Review by Booklist Review
*Starred Review* The first book Chin has written as well as illustrated is a real eye-opener. Before the title page, the first illustration shows a boy finding a book called Redwoods while waiting for his subway train. Remarkably, the boy pictured on the cover looks like him, though on the title page, a girl in an orange sweater walks through the trees. The text is straightforward nonfiction: an informative guide to redwood trees. Meanwhile, the illustrations create an imaginative drama that highlights the facts. When he is reading that some trees alive today sprouted during Roman times, the boy is shown sharing a seat with a Roman Legionnaire and a citizen wearing a toga. When he leaves the subway, he emerges into a stand of redwoods, which he thoroughly explores from forest floor to canopy. A height comparison of trees and skyscrapers brings him back to the city, where he leaves the book on a park bench. The illustrations conclude with the girl in an orange sweater picking up the book and beginning her own adventure. The text clearly and succinctly presents information, which is effectively illustrated in the colorful paintings. Even better, the narrative element in the artwork soars, promising to engage children imaginatively as well as intellectually.--Phelan, Carolyn Copyright 2009 Booklist
From Booklist, Copyright (c) American Library Association. Used with permission.
Review by Publisher's Weekly Review
Playing with the notion of just how immersive a book can be, illustrator Chin (The Day the World Exploded) makes his authorial debut with a clever exploration of coast redwoods. The framing story opens with a boy finding a copy of Redwoods on a subway station bench (he's even on the cover). He delves in, and facts about the ancient trees spring to life around him: as he reads in a subway car that "there are trees alive today that first sprouted during the Roman Empire," he is flanked by two figures from that era, driving home the point. Emerging from the station to find himself in the middle of a redwood forest, his adventures mirror what he's learning-standing in a redwood-made rain shower and glimpsing the Statue of Liberty in the midst of the forest (the tallest redwood is six stories taller). The straightforward narrative is given enormous energy by the inventive format and realistic watercolor illustrations-their soft edges and muted hues suit the mist-shrouded giants. Chin adeptly captures the singular and spectacular nature of redwoods in this smartly layered book. Ages 4-8. (Mar.) (c) Copyright PWxyz, LLC. All rights reserved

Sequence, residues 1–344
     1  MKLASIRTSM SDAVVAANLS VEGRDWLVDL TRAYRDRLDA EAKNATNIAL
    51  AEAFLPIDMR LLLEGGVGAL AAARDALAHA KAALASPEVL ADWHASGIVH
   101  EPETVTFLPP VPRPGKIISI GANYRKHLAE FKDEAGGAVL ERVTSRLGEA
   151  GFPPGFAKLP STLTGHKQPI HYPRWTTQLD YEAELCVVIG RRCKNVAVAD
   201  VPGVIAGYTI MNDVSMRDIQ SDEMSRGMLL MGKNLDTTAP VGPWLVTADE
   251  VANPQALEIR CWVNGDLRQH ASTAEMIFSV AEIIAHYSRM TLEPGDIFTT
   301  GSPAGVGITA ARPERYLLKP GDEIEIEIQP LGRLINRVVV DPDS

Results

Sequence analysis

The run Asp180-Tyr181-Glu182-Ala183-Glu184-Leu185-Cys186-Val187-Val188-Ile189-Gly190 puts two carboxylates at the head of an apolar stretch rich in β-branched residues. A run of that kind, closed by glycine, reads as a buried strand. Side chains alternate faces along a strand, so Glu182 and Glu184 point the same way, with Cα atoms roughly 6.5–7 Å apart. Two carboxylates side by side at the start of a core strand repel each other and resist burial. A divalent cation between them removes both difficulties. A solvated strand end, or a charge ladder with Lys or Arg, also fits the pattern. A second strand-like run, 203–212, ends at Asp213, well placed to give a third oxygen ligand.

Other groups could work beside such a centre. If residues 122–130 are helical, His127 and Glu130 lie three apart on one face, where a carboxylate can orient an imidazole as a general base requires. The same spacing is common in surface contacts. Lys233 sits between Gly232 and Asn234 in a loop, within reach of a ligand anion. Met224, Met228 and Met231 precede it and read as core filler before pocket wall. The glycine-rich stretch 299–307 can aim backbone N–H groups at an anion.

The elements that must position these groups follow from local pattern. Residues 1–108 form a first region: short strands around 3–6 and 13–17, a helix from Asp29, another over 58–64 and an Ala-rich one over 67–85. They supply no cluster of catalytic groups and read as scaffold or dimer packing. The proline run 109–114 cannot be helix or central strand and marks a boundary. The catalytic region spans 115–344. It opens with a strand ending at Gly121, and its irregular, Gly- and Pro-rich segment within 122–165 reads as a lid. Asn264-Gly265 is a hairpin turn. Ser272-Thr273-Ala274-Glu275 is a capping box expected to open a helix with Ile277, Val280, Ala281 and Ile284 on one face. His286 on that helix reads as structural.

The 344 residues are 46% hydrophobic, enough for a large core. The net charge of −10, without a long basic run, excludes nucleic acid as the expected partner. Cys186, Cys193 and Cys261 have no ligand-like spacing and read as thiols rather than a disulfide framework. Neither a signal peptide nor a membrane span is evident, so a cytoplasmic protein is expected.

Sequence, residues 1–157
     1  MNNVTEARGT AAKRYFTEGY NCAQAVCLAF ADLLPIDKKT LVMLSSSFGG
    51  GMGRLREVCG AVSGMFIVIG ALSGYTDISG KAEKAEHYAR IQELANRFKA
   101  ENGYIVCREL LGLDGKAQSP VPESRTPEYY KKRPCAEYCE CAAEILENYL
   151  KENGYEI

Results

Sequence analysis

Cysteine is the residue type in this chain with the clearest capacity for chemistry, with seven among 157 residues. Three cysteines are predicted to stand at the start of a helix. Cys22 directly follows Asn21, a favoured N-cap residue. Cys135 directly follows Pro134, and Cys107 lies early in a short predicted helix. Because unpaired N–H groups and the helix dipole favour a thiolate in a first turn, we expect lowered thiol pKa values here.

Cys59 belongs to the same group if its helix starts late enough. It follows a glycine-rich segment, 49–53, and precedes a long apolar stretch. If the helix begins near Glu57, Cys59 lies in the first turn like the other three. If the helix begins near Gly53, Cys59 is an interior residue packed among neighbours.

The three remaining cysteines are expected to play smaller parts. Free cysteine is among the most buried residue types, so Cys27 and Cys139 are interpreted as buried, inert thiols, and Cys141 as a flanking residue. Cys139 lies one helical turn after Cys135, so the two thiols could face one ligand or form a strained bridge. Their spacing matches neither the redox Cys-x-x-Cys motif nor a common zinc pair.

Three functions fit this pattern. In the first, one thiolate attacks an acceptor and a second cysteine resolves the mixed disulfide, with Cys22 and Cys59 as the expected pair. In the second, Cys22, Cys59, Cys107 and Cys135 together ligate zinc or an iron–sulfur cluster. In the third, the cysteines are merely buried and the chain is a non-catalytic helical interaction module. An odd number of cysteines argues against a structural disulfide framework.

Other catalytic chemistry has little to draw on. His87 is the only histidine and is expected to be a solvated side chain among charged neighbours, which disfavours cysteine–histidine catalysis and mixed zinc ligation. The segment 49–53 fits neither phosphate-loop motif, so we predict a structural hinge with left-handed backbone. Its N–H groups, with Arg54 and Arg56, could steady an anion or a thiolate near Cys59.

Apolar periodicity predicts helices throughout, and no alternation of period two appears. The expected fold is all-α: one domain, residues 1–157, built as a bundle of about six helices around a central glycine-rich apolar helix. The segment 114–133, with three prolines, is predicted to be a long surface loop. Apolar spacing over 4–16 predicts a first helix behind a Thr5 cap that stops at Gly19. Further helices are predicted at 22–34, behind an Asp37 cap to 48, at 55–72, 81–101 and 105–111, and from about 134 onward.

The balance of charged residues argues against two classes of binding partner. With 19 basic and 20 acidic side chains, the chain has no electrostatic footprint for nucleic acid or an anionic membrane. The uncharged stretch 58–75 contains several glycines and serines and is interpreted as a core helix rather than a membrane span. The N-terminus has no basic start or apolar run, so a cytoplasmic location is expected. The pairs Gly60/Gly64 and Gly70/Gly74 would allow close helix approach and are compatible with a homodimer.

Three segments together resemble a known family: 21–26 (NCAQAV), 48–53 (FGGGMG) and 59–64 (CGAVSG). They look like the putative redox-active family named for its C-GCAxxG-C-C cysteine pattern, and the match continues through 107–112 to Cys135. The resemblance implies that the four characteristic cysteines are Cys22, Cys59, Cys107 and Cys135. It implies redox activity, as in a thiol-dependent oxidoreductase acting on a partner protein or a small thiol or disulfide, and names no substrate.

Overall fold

(c) Copyright PWxyz, LLC. All rights reserved
Review by School Library Journal Review
PreS-Gr 2-Giant redwoods stretch to the skies, creating their own ecosystems. These huge trees have a heritage that reaches back to the dinosaurs, but they are now endangered. Chin's clear and expressive text is beautifully served by Qarie Marshall's warm narration. Compelling music entwines with, but does not overwhelm, the performance, and adapts to changes in the text. This cannot stand alone, however. It is clear that listeners should have Chin's delightful illustrations in front of them. This is especially true since the illustrations carry much of the story and provide an imaginative touchstone for listeners. Narration deliberately pauses for picture perusal, giving listeners a chance to appreciate both text and illustration. There's a lot of solid information here, beautifully presented, with new vocabulary nicely explained. VERDICT This is a lovely introduction to redwoods. Make sure you have the book in front of you to fully appreciate it.-Teresa Bateman, Brigadoon Elementary School, Federal Way, WA © Copyright 2019. Library Journals LLC, a wholly owned subsidiary of Media Source, Inc. No redistribution permitted.
(c) Copyright Library Journals LLC, a wholly owned subsidiary of Media Source, Inc. No redistribution permitted.
Review by Horn Book Review
In a fantastical visual narrative paired with a straightforward nonfiction text, a young boy waiting for a subway train finds an abandoned book about redwood trees. When he exits the subway, he finds himself in the middle of a redwood forest, learning all manner of things about them. Chin's watercolors capture both the majesty of the redwoods and the young boy's inquisitive personality. (c) Copyright 2010. The Horn Book, Inc., a wholly owned subsidiary of Media Source, Inc. No redistribution permitted. All rights reserved.
(c) Copyright The Horn Book, Inc., a wholly owned subsidiary of Media Source, Inc. No redistribution permitted.